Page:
MFG 4.0eNo, what should scare them is that little voice inside their head telling them they already know everything they need.

Note:  A version of this blog post originally appeared in June/July 2016 edition of Manufacturing Today magazine.

Manufacturing 4.0: Integrating New Technology and Old Work Environments

MFG 4.0 aIt’s being futuristically referred to as “Manufacturing 4.0,” the latest in a long line of wrinkles in our ever-changing world of heavy and light industry, a seismic marriage of technology, automation and computerization that is causing more and more functions once done by human hands to be performed by sophisticated and highly specialized machines.

I will write more about Manufacturing 4.0 in the months ahead, especially from a human perspective.  But this issue I’d like to offer my quick take on the concept as a whole.  And to do that, let me first take you back a few decades.

Economic advisors to the first President Bush, witnessing a phenomenon that was already well underway in the world marketplace – namely the globalization of trade and manufacturing – urged the president to prepare for a virtual sea change in macroeconomics.  Among the first things the United States should do, they told him, was to consider a strategic alliance/open trade policy with Canada and Mexico.

Just a few years later, President Clinton would sign into law what by then was known as NAFTA, the North American Free Trade Agreement. The U.S. labor unions and the Canadian Liberal party were apoplectic, claiming the NAFTA agreement would cost them and their countries thousands of jobs – which, at least in the short term, it did.

MFG 4.0 bBut what those men and women failed to realize was that NAFTA was not making anything possible that wasn’t already running rampant in the global arena.  It only put something of a federal seal of approval on it.  Almost as though the three countries involved were trying to validate a force far more powerful and irrepressible than anything that together they could have ever conceived or created. The market was going to become a global force and an international phenomenon, in other words, regardless of whether or not NAFTA was ratified.  And what was important for the leaders of the United States, Canada and Mexico to do was to make sure they were as strategically prepared for that phenomenon as possible.

Inevitable March of Manufacturing 4.0.
Let’s get one thing straight right off the bat. Technology development is happening.  It’s a reality, whether we choose to accept it or not. And like any breakthrough in science or any quantum leap in the free and open market, it is a force unto itself that simply will not be denied. So we can debate Manufacturing 4.0 all we want.  But the longer we debate it, and the longer we wring our hands over its impact on our lives (or what it will mean to our jobs), the less time we’ll actually have to prepare for it.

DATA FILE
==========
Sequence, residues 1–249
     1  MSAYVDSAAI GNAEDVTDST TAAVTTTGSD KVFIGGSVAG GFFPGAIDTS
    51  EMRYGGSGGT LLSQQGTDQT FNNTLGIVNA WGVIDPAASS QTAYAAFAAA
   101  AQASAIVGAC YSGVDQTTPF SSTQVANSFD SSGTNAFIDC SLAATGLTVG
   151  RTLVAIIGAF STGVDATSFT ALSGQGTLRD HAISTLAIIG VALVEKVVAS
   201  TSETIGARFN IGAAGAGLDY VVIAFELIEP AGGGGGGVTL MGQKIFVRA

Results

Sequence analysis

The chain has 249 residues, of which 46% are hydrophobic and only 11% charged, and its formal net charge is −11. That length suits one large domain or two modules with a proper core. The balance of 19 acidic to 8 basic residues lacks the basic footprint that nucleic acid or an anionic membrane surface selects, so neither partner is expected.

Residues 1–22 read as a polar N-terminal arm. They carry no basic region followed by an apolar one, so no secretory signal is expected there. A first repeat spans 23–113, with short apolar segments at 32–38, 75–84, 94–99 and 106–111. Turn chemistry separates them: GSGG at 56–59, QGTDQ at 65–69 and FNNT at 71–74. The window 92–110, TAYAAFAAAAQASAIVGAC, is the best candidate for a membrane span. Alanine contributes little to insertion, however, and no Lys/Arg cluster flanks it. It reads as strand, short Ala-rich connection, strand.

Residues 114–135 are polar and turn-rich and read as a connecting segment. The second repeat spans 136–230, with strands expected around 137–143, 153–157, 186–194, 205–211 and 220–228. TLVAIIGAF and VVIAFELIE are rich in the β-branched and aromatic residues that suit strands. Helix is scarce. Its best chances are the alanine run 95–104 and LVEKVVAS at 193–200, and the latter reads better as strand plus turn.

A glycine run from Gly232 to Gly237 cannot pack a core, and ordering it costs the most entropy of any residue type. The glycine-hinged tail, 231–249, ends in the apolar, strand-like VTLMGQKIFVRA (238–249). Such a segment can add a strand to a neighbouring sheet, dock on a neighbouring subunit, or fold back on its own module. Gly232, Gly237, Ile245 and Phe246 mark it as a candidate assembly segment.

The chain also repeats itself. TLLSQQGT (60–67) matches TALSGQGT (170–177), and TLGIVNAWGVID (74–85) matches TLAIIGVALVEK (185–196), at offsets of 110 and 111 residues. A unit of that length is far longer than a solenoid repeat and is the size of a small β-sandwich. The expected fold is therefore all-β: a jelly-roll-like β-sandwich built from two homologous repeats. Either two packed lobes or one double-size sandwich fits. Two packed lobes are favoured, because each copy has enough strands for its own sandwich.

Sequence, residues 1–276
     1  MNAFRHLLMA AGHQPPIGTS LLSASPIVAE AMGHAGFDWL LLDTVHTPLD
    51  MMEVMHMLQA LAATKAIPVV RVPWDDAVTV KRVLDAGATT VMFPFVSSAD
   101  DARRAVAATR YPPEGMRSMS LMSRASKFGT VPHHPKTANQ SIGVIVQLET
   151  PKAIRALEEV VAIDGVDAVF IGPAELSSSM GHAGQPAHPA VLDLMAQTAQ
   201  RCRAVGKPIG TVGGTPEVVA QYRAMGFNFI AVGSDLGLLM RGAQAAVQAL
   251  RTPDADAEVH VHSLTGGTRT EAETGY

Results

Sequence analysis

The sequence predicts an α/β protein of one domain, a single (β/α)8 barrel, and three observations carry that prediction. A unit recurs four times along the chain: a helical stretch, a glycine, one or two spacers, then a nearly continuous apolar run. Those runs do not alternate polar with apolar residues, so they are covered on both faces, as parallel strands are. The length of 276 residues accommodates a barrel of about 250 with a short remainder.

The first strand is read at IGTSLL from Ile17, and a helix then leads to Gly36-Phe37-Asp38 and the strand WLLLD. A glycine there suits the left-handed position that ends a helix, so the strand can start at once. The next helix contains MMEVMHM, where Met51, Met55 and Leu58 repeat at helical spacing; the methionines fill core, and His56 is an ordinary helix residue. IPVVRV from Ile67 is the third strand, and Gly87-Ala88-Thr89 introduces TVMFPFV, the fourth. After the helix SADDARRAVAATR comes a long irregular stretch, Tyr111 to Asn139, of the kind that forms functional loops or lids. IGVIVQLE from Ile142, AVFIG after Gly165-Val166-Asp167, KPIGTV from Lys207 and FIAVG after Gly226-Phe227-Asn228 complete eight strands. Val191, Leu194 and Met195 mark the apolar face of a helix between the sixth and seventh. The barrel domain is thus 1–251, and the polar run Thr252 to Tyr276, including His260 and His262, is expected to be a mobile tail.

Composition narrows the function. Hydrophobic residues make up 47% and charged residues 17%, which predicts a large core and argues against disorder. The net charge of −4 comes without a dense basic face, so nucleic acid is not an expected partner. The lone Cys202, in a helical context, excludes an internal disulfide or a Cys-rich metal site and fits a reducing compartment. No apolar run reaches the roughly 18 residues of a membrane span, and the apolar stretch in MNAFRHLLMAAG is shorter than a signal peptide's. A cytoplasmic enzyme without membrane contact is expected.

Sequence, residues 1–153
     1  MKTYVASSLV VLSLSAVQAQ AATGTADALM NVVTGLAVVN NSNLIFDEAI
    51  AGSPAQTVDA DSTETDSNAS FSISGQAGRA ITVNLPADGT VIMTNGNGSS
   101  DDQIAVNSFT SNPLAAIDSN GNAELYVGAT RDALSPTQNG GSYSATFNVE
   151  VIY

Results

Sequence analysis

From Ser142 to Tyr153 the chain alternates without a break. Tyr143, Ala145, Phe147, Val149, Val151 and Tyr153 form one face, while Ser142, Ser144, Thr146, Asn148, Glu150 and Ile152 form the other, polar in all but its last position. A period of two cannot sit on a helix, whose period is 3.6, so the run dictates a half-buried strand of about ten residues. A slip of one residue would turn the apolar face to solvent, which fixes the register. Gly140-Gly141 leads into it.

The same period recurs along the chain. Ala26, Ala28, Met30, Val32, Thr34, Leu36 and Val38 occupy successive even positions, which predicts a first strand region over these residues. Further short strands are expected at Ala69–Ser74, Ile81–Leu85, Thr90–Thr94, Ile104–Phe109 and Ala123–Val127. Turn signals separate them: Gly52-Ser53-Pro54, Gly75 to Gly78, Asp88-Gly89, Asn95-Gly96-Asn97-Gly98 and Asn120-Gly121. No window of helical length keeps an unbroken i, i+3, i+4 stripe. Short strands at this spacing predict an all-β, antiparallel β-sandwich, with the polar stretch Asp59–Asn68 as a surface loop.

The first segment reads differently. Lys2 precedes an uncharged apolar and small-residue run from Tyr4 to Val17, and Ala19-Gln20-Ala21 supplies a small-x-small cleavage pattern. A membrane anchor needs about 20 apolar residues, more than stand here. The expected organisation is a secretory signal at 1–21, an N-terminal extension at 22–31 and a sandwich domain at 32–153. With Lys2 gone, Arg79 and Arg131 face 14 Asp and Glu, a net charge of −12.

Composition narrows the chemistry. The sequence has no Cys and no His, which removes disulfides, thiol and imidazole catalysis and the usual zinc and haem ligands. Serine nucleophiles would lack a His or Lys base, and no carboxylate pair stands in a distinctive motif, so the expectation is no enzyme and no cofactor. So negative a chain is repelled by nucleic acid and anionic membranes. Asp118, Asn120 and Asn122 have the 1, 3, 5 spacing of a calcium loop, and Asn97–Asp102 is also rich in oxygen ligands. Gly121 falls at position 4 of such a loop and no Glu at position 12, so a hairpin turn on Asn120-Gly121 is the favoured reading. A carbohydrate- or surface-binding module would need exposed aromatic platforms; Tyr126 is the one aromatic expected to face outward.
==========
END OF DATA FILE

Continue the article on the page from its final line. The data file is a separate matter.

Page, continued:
MFG 4.0 hWhat’s more, we should never lose sight of the fact that NAFTA – as well-intentioned and important as it was – was in the end, just a label for something bigger and far more compelling than even itself. So too, we must understand that Manufacturing 4.0 is little more than a catchy academic buzzword for something much greater and far more pervasive than any one sector of the economy. Technology is changing everything we Americans do these days, from the way we bank and the way we vote, to the way we communicate, the way we relate to one another, and – yes – even the way we build things. And inasmuch, we can choose to do one thing or we can choose to do the other, because believe me there is very little in between.

We can choose to learn how to integrate technology into our lives and our places of work, or we can bury our head in the sand, hope it all goes away, and come to grips with the harsh likelihood that we may be consigning ourselves to spending the rest of our days socially, culturally and (especially) economically marginalized.

MFG 4.0 lMy friends, I cannot say for certain what the future holds.  No one can.  But I know this: Whether it’s Manufacturing 4.0 or Life 10.0, now is the time for those of us far down our chosen career path to open our minds to the transformative power and limitless possibilities of technology. We must become as conversant with it as humanly possible even if it means going back to school, teaching ourselves in our off-hours or seeking out special training.

Technology and Manufacturing 4.0 are not Orwellian, futuristic concepts.  They are real. They are happening. And they are now.  They have become, in other words, as much a part of our daily personal and professional lives as air and water. For all that technology promises to someday take away from us in this brave new world now being tagged as Manufacturing 4.0 – relatively valueless things like low-skilled jobs and repetitive tasks – it will kick open that many more doors of opportunity and that many more windows to the future.

MFG 4.0 eBut stand warned; those doors of opportunity will not be open for everyone, and they will not stay open forever. Only workers – and I mean everyone from the corner office to the shop floor – who possess defined, dynamic and in-demand job skills will be able to continue to pass through them freely.